Fungicides are unlikely to have any effect on these illnesses given the limited harm they inflict, the difficulty applying them, the cost, and the fact that their use is not advised.
5. Lethal Yellowing
Coconut plants can have a disease called Lethal Yellowing. A mycoplasma-like organism is thought to reside inside the coconut palm’s food-conducting veins. The organism will destroy the tree. A bug known as a “leaf hopper” is responsible for spreading the disease.
Lethal yellowing can readily be mistaken for other yellowing and defoliating conditions that affect coconut palms, such as fungal bud rot, nutritional inadequacies, insects, nematodes, and lightning damage. But over time, observations allowed for identifying four symptom stages, of which at least one is definitely symptomatic of the condition. The first sign of lethal yellowing is the premature dropping of the majority or all of the coconuts, regardless of size. Then, the process of “shelling” is what causes most fallen nuts to have a brown or black region right beneath the calyx on the stem end.
New inflorescence tips (flower stalks) begin to turn black, which is the second stage of lethal yellowing. The inflorescence of healthy trees has a golden yellow color, so this can be seen as they emerge from the spathe (the structure that encased the inflorescence), which is highly distinctive. Nearly all male flowers on such a flower stalk will be dead in addition to the blackened tips, and no fruit will be set on it. The third stage is where the disease gets its name. The fronds start to yellow, usually starting at the bottom with the elder ones and moving toward the crown.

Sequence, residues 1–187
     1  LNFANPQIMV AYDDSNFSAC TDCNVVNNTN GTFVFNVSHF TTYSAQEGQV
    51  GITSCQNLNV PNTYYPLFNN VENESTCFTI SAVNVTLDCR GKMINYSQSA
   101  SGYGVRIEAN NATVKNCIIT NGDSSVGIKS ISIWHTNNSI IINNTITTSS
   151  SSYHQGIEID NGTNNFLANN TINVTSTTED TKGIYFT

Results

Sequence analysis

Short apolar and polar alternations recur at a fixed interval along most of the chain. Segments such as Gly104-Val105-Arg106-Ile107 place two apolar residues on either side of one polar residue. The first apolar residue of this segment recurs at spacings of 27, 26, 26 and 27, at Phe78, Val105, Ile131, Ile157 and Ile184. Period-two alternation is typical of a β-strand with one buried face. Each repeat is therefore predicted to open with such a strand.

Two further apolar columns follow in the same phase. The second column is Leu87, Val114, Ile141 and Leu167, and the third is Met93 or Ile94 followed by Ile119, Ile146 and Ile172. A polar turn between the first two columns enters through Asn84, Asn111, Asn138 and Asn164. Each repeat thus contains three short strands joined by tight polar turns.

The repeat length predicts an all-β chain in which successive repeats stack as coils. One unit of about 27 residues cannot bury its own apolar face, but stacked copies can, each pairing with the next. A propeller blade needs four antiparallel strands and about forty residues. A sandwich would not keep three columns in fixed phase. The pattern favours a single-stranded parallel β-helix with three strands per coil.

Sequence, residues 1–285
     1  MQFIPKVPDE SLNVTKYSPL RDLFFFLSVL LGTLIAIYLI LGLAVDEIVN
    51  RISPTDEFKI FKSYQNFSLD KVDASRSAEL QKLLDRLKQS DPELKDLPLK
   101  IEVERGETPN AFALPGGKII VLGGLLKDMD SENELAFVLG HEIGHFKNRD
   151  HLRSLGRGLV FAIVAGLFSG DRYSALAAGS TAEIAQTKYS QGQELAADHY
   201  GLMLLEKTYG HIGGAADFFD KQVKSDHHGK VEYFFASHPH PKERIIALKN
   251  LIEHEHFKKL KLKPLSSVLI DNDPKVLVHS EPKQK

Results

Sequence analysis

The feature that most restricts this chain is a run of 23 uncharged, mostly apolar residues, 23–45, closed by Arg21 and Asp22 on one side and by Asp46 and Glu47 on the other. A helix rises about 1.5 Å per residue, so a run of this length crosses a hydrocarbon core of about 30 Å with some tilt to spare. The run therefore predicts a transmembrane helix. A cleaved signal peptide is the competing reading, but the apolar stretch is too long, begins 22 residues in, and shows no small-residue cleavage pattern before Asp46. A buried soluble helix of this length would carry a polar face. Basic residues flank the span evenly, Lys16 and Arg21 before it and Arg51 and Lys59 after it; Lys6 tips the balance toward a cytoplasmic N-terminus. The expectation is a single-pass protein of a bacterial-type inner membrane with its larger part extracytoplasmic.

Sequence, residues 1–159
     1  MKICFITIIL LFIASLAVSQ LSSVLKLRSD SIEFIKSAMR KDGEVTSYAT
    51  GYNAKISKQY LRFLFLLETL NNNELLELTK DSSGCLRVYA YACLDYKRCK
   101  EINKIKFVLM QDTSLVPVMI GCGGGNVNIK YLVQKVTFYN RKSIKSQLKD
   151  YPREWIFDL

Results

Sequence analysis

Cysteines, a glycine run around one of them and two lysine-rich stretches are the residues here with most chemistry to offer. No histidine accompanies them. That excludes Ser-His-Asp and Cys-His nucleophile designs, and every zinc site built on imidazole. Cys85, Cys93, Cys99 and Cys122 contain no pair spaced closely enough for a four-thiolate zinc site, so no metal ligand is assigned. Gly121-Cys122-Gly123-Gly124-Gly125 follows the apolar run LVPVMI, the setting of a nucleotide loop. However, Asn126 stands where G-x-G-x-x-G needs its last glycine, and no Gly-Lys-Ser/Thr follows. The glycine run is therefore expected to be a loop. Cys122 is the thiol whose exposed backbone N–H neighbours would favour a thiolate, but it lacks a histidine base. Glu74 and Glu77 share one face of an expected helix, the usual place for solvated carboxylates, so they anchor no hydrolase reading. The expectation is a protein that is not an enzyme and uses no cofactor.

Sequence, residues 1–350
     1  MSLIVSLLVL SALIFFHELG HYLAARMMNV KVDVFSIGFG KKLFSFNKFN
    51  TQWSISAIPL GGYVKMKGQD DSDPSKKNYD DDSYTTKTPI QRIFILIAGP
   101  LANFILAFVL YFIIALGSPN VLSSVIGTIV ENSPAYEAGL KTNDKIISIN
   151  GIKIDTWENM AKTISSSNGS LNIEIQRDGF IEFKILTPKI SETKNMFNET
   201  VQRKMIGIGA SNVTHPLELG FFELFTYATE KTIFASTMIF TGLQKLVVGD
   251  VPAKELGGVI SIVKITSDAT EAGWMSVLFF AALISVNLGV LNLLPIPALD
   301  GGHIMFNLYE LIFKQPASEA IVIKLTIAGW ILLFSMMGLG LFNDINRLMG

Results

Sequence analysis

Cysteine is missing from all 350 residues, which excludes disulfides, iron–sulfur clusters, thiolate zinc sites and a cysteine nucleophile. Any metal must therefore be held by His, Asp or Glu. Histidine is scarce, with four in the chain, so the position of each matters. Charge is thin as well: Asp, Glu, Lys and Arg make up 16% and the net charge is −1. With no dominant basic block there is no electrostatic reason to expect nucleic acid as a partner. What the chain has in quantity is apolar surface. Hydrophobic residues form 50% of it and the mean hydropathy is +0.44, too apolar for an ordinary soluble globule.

Frequently, only one particular frond will turn yellow initially, giving it the appearance of a “flag” in the process. Next, yellowed fronds may die, become brown, and hang down, although they will usually cling to the tree rather than falling off. Only after all the leaves, including the freshly developed spear leaf, have died, does the fourth and final stage occur. First, the bud dies, then the tree’s top falls off, exposing the “telephone pole”-shaped trunk. After the onset of the first symptom, infected trees often die 3 to 6 months later.
A coconut palm that has already contracted the disease cannot now be cured. Any palm that exhibits lethal yellowing symptoms must be cut out and disposed of. Commercial transfer of living palms from disease-affected areas to disease-free areas is sometimes restricted to prevent the spread of lethal yellowing in the tropics. Removing diseased coconuts, oxytetracycline-inoculating the surrounding palms, and reinstalling resistant palm cultivars are some methods used to manage this disease.
Oxytetracycline HCl (Terramycin), an antibiotic supplied to palms as a liquid injection into the trunk, controls lethal yellowing chemically. Systemic therapy on a 4-month treatment schedule has to start as soon as possible following the beginning of symptoms. Since they are unlikely to react to Terramycin treatment, palms with more than 25% of their leaves wilted should be removed.
When lethal yellowing is known to occur nearby, the antibiotic can also be applied as a preventative measure to safeguard palm trees. The appropriate dosage is determined by the size of the palm being treated. Insecticide use in landscapes or palm plantations shouldn’t be repeated until leafhopper populations are sufficiently controlled.